With threats to defund legal aid, how can hackathons help tackle America’s ‘justice gap’?
ABA Fellow and Seattle GLH organizer Amanda Brown discusses how she’s tackling America’s justice gap with tech, the consequences of defunding legal aid, and what it’s like to plan a legal hackathon
The US President’s recent proposal to defund the country’s largest provider of legal aid has made improving access to justice and increasing efficiency in the legal sector all the more salient. It has also encouraged more conversation around who gets left out when it comes to legal services.
This exclusion is the justice gap, explains ABA Center for Innovation-Microsoft NextGen Fellow Amanda Brown, who is working with the Legal Services Corporation to help increase people’s access to legal aid resources. She has also been busy planning a legal hackathon in Seattle, WA, hosted by Davis Wright Tremaine and Microsoft on February 23–25, as part of the Global Legal Hackathon.
We spoke to Brown about how she is working to address America’s justice gap, the consequences of defunding legal aid, and how she hopes the upcoming hackathon will improve access to justice and legal services. Here’s what she had to say.
As a Microsoft-NextGen Fellow, you’re working with the Legal Services Corporation (LSC) to develop web portals for legal aid resources. Can you tell me a little bit about your work and the problem it aims to solve?
Working on the LSC Portal project has been a really eye-opening and rewarding experience. Having come from a legal aid background, I knew access to justice and legal resources was a huge problem in America.
The Legal Services Corporation completed a study last year and found that 86% of civil legal needs were inadequately or completely unmet. The primary reasons for this is 1) oftentimes, people don’t think the issues they have are legal, and 2) there’s a severe lack of resources available — legal services groups just can’t serve enough people, so they have to restrict their client bases to severely marginalized populations. This means that people who can’t afford to pay a private attorney but who also do not qualify for legal services are left to figure it out on their own. This is known as the “justice gap.”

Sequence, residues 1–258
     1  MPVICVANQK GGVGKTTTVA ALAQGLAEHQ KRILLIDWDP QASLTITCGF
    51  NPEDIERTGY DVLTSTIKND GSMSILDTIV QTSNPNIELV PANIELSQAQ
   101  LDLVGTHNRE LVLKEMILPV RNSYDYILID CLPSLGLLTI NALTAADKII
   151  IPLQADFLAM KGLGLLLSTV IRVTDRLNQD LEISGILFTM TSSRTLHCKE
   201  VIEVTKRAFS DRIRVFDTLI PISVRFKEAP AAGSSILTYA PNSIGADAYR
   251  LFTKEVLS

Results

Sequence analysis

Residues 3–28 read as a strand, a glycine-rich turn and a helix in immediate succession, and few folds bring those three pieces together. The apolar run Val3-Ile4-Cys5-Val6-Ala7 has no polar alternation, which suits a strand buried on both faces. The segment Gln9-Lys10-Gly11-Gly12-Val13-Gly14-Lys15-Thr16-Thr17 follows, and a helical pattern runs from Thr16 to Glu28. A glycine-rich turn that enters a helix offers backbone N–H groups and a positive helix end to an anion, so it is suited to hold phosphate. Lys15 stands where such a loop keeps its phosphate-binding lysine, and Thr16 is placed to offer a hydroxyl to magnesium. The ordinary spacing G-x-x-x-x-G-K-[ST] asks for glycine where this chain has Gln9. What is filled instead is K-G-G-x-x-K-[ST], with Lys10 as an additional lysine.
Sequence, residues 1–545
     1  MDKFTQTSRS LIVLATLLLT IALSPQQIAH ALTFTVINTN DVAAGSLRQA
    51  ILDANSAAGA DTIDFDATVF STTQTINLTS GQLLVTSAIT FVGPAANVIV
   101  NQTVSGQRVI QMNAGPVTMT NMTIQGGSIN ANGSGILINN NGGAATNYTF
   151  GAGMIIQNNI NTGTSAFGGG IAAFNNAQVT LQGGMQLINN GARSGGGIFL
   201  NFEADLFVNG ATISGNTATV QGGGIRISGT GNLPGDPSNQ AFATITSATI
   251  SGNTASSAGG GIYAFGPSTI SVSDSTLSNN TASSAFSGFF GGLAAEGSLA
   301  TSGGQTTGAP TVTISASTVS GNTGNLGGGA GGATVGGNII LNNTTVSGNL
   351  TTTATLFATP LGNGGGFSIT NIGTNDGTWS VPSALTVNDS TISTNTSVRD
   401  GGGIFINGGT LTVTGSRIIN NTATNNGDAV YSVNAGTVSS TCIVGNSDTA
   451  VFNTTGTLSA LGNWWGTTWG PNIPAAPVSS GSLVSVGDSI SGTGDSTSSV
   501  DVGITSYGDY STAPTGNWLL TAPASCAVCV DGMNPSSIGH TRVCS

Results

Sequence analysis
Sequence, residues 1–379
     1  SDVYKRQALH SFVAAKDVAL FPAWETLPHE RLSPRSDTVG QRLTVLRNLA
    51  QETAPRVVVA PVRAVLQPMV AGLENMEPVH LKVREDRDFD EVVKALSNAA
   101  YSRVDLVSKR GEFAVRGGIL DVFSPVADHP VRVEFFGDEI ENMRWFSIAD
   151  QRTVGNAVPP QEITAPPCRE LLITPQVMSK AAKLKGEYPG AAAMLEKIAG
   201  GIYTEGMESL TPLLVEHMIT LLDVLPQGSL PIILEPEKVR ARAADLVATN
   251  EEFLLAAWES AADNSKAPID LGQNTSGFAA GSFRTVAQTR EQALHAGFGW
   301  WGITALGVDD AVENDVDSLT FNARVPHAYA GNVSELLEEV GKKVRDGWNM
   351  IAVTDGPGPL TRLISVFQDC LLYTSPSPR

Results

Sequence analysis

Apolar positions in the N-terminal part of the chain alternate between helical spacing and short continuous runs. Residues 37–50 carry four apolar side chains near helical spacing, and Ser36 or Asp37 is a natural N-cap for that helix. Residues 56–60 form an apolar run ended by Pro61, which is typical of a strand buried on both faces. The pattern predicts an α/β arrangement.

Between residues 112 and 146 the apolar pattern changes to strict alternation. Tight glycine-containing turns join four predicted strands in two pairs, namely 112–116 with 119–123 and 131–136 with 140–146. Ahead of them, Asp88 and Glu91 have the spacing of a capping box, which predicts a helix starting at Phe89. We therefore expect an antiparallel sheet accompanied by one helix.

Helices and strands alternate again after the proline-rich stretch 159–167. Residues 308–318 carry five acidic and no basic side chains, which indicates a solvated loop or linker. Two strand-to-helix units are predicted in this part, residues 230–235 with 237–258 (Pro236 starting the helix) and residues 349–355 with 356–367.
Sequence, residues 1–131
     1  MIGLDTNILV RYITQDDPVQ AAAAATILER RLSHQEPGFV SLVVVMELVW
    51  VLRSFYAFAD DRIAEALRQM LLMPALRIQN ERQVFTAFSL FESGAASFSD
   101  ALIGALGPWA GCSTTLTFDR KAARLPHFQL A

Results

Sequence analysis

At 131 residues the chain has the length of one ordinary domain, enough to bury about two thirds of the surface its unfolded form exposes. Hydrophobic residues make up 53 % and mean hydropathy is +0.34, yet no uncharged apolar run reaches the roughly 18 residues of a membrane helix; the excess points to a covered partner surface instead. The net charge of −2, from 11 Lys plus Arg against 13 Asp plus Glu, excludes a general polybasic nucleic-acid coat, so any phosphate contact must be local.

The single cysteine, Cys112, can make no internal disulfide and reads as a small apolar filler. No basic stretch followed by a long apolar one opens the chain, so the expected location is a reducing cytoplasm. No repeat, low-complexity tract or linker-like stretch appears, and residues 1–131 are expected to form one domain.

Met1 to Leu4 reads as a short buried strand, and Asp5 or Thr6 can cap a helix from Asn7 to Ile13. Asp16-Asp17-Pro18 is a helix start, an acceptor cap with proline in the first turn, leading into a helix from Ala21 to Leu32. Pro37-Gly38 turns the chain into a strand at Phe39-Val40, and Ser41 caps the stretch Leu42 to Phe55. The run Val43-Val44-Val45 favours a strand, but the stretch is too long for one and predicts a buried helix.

The portal hopes to address that gap by serving as a single access point for not just legal information, self-help resources, and referrals but also localized community resources.
How is development on these web portals progressing so far?
So far, we’ve proven that the model can work! Our prototype can successfully use natural language processing through a chat function to understand what type of legal issue a user is experiencing for four different areas of law. After confirming the user’s specific scenario, the portal catalyst can serve up curated information including easily navigable court process steps, forms, and community and situational resources. Now it’s time to build out a scalable solution.
The US President has again proposed eliminating LSC’s funding. What kind of impact would this have?
Even a small reduction in LSC funding would have crippling effects, much less full-scale elimination. The Legal Services Corporation serves over an estimated 1.5 million individuals each year with a massive return on investment (sometimes up to 10–11x return for every dollar invested!). These organizations work tirelessly to make sure individuals with domestic violence, child custody, employment, and housing issues (and much, much more) have stability in their lives as they face these issues.